navyhmc
08-11-2009, 14:42
I have both, the console mounted is an air integrated. I like them both - if I were to have to part with one, I would part with the AI console-nothing I can't live without, just put a SPG on and I'm good to go.

"back in the day", there were no computers so you had to be very aware of where you were and what your plan was. If you deviated a little on the wrong side of your plan ,you could have some problems. I do elieve that being able to plan your dive-even on a very OW scale is important. At the very least, you should be aware of your time and depth limits and try to stay well within your plan.

Don't get me wrong, a computer is a great tool, but the best computer to take with you is the one between your ears. But like any computer, that one has to be programmed to. Learning the basics: tables, is thebest way to start. Dving with a good groupd of seasoned, experienced divers is another.

ScubaToys Larry
08-11-2009, 17:30
Why do I have to know anything about my dive plan when a electrical thingy can tell me when to go up and when I am running low on air? When a new diver or any diver does not have to think about what they are doing I think that is very dangerous and bad things could happen. Now if a diver uses one of these and still creates a dive plan and throughly thinks out a dive before the dive, then dives their plan. I dont see a problem. The problem is when you have an option to become lazy and rely on a peice of equipment to tell you what you should already be planning on. What if the battery dies or the computer fails for some reason? You are left with no indication of the amount of air you have left, no time keeping device, no depth gauge, no dive table, you have no idea how long you have been down, no idea how deep you are. What would you do? How would you know where to stop for a safety stop? Would you do a safety stop? Did you run into your NDL? Are you in deco violation? How do you perform accidental deco? I appoligize if i sound to harsh, I am not meaning to sound that way at all.

Figured I'd chime in with a different point of view, and an answer to a few of your questions you have above... If a computer fails, you signal your buddy, you make a slow ascent with them up to 15 feet, you do a safety stop, then you exit the water. The same thing you would do if your watch stopped... or your gauge flooded and stopped working.

Scuba diving is supposed to be fun, and safe, and realistically, a computer helps with both those goals in my opinion. I wrote the computerized Table Tutor software that is on our site because we were a Naui shop, and I had to do a lot of cross overs. When teaching divemaster and instructor students and cross overs, it was amazing to me how many people would make a mistake on dive table problems.. and this was sitting in a class room. The odds of mistakes when diving, I must assume, would only be much higher....

We use a computer to book our trip, run our car to the airport, get us to the proper gate, taxi, take off and fly the plane, navigate, land, book our room, charge our credit card.... I feel fine using it to say I'm 62 feet down and my deco time is another 18 minutes.

But maybe that's just me... And to answer the question of this thread....

I really do like the data mask stuff... but if just a plain computer, I'd take a console over wrist. I have seen a lot of divers jump in the water without their computers on their wrists... I've seem people get them stuck on their arms when taking off wetsuits...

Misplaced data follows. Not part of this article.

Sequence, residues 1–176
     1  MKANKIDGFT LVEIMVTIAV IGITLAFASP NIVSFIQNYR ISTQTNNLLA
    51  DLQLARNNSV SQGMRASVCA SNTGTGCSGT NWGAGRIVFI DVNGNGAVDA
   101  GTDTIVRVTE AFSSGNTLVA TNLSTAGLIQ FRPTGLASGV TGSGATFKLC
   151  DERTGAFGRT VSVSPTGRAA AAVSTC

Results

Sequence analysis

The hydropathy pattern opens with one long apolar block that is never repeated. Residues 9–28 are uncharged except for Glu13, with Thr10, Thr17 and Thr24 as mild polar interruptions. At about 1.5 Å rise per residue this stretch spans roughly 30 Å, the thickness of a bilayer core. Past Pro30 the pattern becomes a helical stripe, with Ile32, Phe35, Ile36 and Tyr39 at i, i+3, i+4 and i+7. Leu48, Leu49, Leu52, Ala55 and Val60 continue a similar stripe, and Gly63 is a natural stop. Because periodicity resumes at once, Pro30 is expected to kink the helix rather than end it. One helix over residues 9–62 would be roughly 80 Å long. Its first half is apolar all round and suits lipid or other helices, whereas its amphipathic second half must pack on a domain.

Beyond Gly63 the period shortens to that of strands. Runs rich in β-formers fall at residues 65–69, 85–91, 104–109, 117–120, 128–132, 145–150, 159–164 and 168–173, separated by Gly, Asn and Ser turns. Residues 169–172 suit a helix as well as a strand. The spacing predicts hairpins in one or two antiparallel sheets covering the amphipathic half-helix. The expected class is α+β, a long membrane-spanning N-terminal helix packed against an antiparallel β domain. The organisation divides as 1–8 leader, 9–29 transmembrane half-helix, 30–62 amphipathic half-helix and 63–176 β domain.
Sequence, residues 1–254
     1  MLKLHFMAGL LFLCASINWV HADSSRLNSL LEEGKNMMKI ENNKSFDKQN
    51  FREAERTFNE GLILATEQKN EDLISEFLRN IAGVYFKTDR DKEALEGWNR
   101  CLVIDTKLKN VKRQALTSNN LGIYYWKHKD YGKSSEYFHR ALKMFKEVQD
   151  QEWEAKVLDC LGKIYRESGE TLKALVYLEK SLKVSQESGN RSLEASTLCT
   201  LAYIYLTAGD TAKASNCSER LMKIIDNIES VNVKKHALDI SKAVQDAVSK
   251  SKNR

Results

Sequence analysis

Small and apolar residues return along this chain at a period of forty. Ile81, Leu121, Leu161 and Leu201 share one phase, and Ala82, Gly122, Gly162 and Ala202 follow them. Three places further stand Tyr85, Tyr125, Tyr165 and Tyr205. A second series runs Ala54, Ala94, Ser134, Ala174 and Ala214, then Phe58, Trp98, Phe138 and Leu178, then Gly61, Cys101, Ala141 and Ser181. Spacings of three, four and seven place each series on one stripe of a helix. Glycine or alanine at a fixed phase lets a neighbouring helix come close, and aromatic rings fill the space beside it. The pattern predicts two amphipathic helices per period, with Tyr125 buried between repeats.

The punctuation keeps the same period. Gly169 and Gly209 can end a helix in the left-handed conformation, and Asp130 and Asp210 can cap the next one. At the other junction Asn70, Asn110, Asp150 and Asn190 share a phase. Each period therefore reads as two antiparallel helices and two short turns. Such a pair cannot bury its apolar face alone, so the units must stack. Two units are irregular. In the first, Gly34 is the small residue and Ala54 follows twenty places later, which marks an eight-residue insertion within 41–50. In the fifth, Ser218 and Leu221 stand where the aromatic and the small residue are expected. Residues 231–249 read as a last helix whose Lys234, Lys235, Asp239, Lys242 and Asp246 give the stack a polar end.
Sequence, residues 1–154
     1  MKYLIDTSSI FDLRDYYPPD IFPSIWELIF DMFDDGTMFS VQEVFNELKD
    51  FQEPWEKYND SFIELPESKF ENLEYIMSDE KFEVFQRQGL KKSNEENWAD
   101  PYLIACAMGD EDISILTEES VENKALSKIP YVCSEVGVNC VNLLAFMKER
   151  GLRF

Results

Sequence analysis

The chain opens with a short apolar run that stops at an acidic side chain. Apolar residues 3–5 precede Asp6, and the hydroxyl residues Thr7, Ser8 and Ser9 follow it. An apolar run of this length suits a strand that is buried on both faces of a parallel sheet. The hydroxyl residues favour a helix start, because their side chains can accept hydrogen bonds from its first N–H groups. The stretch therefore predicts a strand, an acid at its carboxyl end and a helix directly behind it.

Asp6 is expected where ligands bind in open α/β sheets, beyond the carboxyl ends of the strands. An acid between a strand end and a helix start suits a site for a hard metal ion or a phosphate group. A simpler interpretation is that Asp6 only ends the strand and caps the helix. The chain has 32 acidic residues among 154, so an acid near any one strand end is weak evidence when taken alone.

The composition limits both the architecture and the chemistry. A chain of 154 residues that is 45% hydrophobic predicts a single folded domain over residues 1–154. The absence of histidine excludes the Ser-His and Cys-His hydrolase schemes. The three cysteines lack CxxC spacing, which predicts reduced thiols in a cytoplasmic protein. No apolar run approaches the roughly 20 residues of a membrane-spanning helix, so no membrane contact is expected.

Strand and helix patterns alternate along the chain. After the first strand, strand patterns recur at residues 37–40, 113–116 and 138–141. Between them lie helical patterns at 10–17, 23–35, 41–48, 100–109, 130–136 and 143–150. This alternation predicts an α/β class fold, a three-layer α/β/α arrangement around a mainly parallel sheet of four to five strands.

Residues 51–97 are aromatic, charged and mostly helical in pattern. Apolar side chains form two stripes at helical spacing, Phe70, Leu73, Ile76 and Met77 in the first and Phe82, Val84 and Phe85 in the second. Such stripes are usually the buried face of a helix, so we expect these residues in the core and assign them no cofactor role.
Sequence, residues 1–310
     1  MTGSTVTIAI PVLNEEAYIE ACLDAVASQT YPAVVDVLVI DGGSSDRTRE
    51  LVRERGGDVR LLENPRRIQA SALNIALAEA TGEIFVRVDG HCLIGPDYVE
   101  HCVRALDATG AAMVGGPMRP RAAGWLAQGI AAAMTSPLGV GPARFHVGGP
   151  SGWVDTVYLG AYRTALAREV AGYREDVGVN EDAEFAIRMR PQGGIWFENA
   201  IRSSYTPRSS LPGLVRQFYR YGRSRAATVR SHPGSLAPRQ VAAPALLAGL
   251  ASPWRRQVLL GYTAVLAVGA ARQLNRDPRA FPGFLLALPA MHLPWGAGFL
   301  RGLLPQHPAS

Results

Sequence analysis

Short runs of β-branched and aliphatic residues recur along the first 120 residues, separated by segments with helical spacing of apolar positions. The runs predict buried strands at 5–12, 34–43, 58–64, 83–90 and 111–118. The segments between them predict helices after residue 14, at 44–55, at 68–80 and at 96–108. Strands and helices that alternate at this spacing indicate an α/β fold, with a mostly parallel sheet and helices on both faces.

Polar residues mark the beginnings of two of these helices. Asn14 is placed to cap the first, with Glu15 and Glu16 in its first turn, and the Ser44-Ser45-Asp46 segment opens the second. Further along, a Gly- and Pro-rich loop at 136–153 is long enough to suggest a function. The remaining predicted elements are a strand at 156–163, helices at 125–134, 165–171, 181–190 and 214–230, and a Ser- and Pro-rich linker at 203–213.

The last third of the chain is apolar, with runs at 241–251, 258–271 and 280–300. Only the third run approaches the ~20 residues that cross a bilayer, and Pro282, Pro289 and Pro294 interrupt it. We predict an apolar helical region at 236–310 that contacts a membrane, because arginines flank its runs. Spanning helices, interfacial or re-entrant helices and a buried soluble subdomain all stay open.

I like everything attached. If I put on my BC, and have a reg to breathe on, I know everything else is there... it didn't get confused with anyone elses, it's not in my room, on the camera table, under the bottom of the tank of the guy next to me, the strap did not break, and it's not lost... It's there attached, ready to dive when I am.

Again.. my opinion... and others may differ.

mitsuguy
08-11-2009, 18:11
I agree with Larry about the practicality of a computer...

We trust computers for everything - and in many situations, our lives are put in more peril than if a computer dies while we are diving...

That being said, I don't put 100% trust in my computer... For the most part, I know where I am in the water column, I know how much dive time remaining I have, and, I am real good at judging a safety stop without any reference at all, at least where I dive on a daily basis... So, if my computer failed, I'd be just fine...

As an instructor and a divemaster, I rarely ever truly plan a dive on paper... I do know how much time I can spend at each level and what the approximate dive time will be... For most easy recreational dives, I find that no more than that is needed... For my students, they are trained to plan everything so that they understand the need - as someone gains more experience, they tend to know what they can and can't do without having to actually plan it - in a recreational sense at least...

When I dive somewhere new or I know I will be pushing limits, then I plan a dive to the T...

Computers aren't the only gauge that can fail - depth gauges can fail, spg's can fail and even compasses can fail...

I, however, like a wrist mounted computer - much easier to look at than a console...

bigman241
08-11-2009, 22:44
thanks guys. ALot of good info. Even got larry in on this one. LIke the reg i am still have no idea which i want. Hopefully i can talk the lds in to letting me try both on our ow dives.

hoova-scuba
08-12-2009, 16:08
I'm glad Larry chimed in. I was starting to believe that if you used a computer, then you had to toss all your other gauges and solely rely on that. I think that if any of my equipment failed I should end the dive as safely as possible and chalk it up to bad luck.